- BBL received UK£7m investment from 777 at end of last year
- League secured “improved terms” in new deal with Sky
- Focus during offseason will include digital transformation and CEO search
The British Basketball League (BBL) is in the market for a free-to-air (FTA) broadcast partner in the UK after securing an extension of its domestic rights deal with Sky Sports.
The pay-TV network has broadcast the last two seasons of the UK’s top-tier basketball competition and this week announced it will continue showing the men’s and women’s BBL for the 2022/23 campaign.
Games have also previously been aired domestically on FreeSports and via the BBC’s digital platforms, but the UK’s public service broadcaster has not shown the competition since the 2019/20 BBL Cup Finals.
Lenz Balan, a vice president at private investment firm 777 Partners who sits on the BBL management board, told SportsPro that the league secured “improved terms” in its new deal with Sky, which will show games on the Sky Sports Arena channel and on its YouTube channel.
The BBL will be working with Sky to grow its audience but Balan also revealed that the organisation is looking to secure FTA coverage to further grow its reach.
“We need to find a free-to-air partner and we’re in constant conversations with folks about that,” he said. “It’s really about convincing them that this is different, that there’s something that is unique here.
“Our goal is to make Sky Sports happier and happier, and continue to attract other broadcasters that are interested in growing our sport.”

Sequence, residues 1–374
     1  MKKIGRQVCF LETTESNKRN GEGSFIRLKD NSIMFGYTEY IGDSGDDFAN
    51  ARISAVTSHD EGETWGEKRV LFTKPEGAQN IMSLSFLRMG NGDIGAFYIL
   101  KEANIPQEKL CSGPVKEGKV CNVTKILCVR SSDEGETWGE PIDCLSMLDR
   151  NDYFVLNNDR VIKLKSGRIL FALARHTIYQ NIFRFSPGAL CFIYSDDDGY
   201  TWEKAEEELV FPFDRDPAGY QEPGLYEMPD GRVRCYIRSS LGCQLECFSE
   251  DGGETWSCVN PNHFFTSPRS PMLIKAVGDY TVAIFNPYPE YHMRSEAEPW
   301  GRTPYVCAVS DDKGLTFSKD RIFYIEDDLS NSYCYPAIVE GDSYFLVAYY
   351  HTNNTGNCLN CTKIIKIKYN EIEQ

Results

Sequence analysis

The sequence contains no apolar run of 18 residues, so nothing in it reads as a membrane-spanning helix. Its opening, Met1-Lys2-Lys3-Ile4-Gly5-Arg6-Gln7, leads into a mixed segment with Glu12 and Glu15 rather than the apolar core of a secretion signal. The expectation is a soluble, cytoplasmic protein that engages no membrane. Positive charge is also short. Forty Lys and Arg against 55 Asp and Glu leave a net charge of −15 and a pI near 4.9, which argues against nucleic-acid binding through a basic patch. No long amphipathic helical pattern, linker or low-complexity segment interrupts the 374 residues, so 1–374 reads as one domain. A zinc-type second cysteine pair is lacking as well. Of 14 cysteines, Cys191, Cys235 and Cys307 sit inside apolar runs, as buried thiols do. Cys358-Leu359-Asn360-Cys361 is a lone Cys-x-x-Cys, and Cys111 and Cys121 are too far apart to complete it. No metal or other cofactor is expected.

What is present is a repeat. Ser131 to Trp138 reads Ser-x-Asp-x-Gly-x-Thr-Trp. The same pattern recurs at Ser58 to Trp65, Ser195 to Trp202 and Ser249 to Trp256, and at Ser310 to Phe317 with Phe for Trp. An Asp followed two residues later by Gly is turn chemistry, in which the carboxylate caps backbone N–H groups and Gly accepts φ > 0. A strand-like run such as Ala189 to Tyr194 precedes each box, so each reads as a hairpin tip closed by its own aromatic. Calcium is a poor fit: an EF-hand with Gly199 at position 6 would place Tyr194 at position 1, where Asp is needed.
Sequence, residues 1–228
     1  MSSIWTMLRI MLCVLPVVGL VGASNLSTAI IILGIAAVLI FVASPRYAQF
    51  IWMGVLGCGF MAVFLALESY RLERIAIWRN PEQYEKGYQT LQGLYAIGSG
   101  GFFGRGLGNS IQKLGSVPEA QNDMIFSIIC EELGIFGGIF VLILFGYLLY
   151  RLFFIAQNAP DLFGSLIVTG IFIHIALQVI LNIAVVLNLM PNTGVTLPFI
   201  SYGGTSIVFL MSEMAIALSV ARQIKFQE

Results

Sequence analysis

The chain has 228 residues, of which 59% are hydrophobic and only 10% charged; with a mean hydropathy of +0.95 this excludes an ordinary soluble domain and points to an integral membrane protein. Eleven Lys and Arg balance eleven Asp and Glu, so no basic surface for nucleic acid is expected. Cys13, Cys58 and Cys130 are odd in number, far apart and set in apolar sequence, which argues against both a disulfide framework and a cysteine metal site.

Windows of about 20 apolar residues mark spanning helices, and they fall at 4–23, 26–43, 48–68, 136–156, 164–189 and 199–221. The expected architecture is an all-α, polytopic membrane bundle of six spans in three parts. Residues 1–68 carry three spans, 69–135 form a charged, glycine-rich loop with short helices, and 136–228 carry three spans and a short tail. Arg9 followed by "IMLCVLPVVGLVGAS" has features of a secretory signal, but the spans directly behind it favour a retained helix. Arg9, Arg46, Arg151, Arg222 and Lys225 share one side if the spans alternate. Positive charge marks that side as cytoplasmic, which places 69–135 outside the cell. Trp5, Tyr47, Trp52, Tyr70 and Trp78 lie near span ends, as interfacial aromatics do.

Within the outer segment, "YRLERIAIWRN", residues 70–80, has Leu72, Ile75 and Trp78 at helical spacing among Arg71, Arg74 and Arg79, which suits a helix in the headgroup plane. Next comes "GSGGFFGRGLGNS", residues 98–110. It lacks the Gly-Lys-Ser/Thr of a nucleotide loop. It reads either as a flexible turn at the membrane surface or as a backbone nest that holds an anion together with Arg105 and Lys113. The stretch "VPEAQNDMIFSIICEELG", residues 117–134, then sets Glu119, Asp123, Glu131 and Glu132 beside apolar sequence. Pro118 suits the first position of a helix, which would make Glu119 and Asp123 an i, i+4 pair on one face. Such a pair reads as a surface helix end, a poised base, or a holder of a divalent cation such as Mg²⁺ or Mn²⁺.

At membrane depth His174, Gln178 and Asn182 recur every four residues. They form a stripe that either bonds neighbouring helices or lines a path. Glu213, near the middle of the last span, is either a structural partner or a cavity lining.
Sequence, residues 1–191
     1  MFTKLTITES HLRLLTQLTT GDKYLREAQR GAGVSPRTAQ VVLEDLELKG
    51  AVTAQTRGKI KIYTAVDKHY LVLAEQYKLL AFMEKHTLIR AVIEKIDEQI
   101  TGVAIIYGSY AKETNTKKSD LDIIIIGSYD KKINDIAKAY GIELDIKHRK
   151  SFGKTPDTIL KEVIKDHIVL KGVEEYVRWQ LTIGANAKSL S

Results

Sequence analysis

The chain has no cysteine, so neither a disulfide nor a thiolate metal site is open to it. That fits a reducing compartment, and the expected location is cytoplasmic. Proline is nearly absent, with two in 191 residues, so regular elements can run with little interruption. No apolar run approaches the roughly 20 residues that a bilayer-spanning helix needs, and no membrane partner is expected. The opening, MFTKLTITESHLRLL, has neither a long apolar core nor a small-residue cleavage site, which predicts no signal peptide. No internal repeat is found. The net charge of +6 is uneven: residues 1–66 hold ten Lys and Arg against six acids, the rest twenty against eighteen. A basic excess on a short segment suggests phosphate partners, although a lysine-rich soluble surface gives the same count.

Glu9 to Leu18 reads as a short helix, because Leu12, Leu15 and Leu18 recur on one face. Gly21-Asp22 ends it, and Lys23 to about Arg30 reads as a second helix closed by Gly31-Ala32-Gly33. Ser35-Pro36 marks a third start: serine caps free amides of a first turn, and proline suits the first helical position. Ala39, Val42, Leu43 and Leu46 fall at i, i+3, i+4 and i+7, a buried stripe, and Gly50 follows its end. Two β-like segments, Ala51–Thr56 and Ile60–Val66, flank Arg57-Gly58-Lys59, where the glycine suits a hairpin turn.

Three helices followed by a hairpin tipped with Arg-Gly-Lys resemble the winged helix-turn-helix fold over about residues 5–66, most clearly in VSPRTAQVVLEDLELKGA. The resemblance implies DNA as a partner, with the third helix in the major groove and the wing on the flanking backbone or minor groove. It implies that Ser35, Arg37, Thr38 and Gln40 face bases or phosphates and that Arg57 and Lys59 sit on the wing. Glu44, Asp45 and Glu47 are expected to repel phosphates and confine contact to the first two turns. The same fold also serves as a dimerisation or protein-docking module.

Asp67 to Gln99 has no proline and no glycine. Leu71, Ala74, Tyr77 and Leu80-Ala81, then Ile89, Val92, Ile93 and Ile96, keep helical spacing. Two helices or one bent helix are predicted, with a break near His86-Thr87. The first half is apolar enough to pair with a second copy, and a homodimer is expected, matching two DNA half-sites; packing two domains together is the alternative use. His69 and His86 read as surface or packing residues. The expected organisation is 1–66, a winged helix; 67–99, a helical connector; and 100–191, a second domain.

Miami-based 777, which also owns the London Lions BBL team, now holds a 45 per cent stake in the BBL after making a UK£7 million (US$8.7 million) investment in the league at the end of last year.
At the time, the BBL said it planned to use the funding to improve several areas of the business, with a particular focus on a digital transformation to enhance the product and drive further investment in its clubs.
Balan added that the BBL is reluctant to tie itself down to long-term commercial deals while that investment is ongoing, given that any improvements are likely to increase the value of the league to partners moving forward.
“In general, what we want to avoid is catching ourselves up in really long-term deals while we’re making investments,” he said. “I think from Sky’s perspective, they have to make sure it makes sense for them too.
“We just have to get out and execute, grow the audience, and grow that fanbase. And if we can do that on a continuous basis we feel confident that we’ll get renewed again or other broadcasters will show interest.”
Balan was speaking after the BBL playoff finals at London’s O2 Arena, where 15,824 fans watched the Lions secure the women’s title before the Leicester Riders edged the men’s champion-crowning fixture.
He said that the BBL will spend the offseason implementing a “three-phase process” that will include research and audience analysis which will ultimately be used to inform a league rebrand. Fans can also expect to see a centralised website rolled out before the end of the year, and another priority for the league is the appointment of a chief executive.
While admitting that “things aren’t moving as quickly as I’d like them to”, Balan said significant progress has been made and reiterated his belief that 777’s investment can help the BBL become the second biggest basketball league in the world.
He said: “It’s going to be a really busy summer in terms of going out and executing on that digital transformation plan. That is probably the most important thing we do.
“So I think we’re a little bit behind, but overall we’ve made a ton of progress. Whatever has slowed us down will actually be to our benefit, because [initially] it was really about getting to know each other, really understanding how 777’s internal capabilities should be deployed in an asset like this.
“I think that should mean that in the next six months we’re going to build a really robust infrastructure for the success of the league.”